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Thursday, June 27, 2013

I’m freaked out! My grill might cause cancer?

Summer is here and barbequing is my favorite! I love the smell and taste of any type of food that comes hot off the barbeque, especially salmon and bratwurst! Lately I have been researching and discovering some of the dangers of grilling and possible exposures to carcinogens from grilling. WHAT? NO! I didn’t want to hear any more, but I couldn’t deny what I was finding.  

Here’s a bit more scientific of an explanation of what I found.

Grilling protein-filled foods such as meat, chicken and fish creates two kinds of chemical compounds that may contribute to cancer: heterocyclic amines (HCAs) and polycyclic aromatic hydrocarbons (PAHs). HCAs form in meat when it's cooked at a high temperature. While frying and broiling produce these chemicals as well, those charred bits at the edges of barbecued meat contain HCAs in their purest state. HCAs, which are also found in cigarette smoke, have been shown to cause cancer in organs including the stomach, colon, liver, and skin-but only in animal studies. It's unclear whether HCAs cause the same problems in people. Still, the U.S. Department of Health and Human Services has stated that the chemicals are "reasonably anticipated to be human carcinogens." PAHs, the second type of compound, are formed when juices from meat drip onto coals or other hot surfaces and create smoke. The smoke contains these carcinogens, which are deposited onto the surface of meat as it swirls around the food.

So for those of you who are completely lost after reading that rather heavy explanation, let’s talk about being proactive…which is what we are ALL about. Have no fear there are several techniques and tips for grilling safely and eliminating or significantly lowering you risk of being exposed to HCAs or PAHs. Here are four tips for safe grilling from The Healthy Edge. You can get access to even more tips in their July Health Series, but we will focus on these four today.

TIP #1: Grill vegetables 
and fruit. 
Unlike meats, vegetables and fruits do not produce these by-products when cooked. YEAH!  I loved grilled peaches, pineapple, corn on the cob and Portobello mushrooms just to name a few. It’s also great to put cut up fruit and vegetables on kabobs.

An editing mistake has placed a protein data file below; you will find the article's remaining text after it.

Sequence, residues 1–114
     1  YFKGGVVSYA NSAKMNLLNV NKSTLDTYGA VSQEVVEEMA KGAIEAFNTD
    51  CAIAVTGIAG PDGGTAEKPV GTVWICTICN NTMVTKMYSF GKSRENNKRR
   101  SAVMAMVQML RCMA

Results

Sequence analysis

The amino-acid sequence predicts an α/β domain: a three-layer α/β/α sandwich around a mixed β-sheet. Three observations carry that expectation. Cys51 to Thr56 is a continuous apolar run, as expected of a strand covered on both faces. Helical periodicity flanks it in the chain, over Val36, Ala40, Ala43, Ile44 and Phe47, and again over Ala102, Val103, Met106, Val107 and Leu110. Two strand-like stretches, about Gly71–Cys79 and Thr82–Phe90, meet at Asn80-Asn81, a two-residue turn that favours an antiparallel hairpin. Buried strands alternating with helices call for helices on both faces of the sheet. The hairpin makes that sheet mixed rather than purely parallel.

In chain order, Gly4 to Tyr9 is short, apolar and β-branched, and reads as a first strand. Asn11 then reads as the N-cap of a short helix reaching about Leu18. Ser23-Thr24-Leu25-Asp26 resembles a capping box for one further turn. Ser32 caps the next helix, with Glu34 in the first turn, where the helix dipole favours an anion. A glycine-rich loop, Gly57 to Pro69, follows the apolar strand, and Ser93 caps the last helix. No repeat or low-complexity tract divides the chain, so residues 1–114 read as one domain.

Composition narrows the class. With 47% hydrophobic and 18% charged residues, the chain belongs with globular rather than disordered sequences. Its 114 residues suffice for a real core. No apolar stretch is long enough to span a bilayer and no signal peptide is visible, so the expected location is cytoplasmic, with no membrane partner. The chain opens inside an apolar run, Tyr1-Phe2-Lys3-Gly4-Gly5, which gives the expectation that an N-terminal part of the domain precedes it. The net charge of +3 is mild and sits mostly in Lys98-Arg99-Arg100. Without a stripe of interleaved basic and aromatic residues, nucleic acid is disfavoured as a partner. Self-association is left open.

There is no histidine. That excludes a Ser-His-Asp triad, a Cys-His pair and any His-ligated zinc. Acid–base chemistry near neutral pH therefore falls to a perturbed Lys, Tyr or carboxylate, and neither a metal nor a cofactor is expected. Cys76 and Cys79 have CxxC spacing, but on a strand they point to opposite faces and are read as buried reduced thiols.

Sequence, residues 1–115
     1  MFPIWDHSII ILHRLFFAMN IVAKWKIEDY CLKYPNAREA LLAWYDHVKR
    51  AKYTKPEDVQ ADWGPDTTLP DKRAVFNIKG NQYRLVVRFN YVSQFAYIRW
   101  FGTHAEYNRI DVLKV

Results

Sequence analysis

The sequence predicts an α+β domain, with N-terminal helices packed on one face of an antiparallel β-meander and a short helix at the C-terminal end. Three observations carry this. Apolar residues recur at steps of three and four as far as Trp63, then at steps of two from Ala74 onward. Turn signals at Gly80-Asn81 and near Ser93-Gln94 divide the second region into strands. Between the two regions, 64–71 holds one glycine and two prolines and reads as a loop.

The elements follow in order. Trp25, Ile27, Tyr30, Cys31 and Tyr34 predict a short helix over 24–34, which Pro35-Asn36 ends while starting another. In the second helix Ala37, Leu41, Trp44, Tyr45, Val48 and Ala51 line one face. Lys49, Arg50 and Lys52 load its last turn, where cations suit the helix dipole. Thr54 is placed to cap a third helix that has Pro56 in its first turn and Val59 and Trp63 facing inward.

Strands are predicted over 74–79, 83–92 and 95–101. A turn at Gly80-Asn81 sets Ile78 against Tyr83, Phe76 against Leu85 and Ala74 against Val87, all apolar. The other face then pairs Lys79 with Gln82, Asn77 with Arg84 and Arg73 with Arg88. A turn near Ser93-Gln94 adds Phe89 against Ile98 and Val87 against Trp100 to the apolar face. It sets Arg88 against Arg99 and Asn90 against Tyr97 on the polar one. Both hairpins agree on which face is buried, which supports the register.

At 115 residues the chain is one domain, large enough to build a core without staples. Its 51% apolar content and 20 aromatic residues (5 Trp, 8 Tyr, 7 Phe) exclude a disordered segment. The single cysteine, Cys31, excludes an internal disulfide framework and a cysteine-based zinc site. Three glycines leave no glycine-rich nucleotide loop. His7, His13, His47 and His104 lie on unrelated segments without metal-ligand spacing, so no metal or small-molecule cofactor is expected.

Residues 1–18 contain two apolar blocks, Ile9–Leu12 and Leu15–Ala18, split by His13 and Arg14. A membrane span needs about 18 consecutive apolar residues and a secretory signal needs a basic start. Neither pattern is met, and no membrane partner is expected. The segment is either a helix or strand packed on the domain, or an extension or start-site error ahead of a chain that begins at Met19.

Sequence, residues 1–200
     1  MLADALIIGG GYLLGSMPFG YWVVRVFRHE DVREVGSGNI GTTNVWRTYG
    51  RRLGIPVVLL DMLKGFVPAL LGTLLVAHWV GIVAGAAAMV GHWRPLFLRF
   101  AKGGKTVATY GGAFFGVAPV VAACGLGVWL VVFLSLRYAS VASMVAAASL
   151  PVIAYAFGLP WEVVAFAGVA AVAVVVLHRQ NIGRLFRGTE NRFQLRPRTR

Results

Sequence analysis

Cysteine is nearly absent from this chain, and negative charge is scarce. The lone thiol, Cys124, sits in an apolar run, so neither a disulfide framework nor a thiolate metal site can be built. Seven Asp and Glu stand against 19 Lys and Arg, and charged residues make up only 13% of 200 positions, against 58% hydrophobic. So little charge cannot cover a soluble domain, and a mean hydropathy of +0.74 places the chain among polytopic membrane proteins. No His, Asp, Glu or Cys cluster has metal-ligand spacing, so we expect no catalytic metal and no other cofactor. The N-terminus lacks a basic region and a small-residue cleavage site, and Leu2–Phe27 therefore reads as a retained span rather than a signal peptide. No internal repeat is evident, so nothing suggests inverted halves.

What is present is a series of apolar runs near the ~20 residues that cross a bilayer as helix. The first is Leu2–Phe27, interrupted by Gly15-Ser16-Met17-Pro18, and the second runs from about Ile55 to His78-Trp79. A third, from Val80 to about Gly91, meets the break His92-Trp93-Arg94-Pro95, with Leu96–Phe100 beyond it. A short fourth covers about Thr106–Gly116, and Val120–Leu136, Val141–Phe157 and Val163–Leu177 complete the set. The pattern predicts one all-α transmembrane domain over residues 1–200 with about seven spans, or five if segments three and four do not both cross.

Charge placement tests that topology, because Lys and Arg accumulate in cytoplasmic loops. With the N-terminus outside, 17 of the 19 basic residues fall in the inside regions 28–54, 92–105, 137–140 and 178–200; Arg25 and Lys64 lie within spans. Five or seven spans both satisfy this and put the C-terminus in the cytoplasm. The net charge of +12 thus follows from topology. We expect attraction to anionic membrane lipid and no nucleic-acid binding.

TIP #2:    Add the BBQ sauce during the last 2 minutes of grilling. 
Many barbeque type sauces are sugary and promote the burning and charring.  Add a layer at the end of grilling and then have extra BBQ sauce to add after it has been removed.
TIP #3:    Marinate your meat. 
Whatever meat you choose, use a marinade made with vinegar or lemon to act as an "invisible shield" that changes the acidity of the meat and prevents PAHs from sticking. Keep the meat marinating in the fridge while you prepare the sides. Marinating meat has also been shown to reduce the formation of HCAs. Precisely why marinades are protective is still under investigation; some evidence points to the acids (vinegar and citrus) or the antioxidant content.  Even just 30 minutes in the marinade can help. The Healthy Edge is offering the Top Ten Marinades and Sauces for the grill as part of their July Grilling Series

TIP #4:    Partially cook your meat.  
You can partially precook meat in the microwave, oven or stove to help reduce the amount of time the meat sits on the grill exposed to high heat as well as allowing some juices to flow out the meat that might otherwise leak onto the grill and cause flames. To ensure safe food handling, just be sure to put the partially cooked meat on the preheated grill immediately to complete cooking.

For more healthy grilling ideas, recipes and tips, check out the economical monthly subscription from The Healthy Edge including over 250 recipes, health videos, audios, meal plans, product reviews and a new health series each month! It’s under $10.00 and you can cancel anytime.

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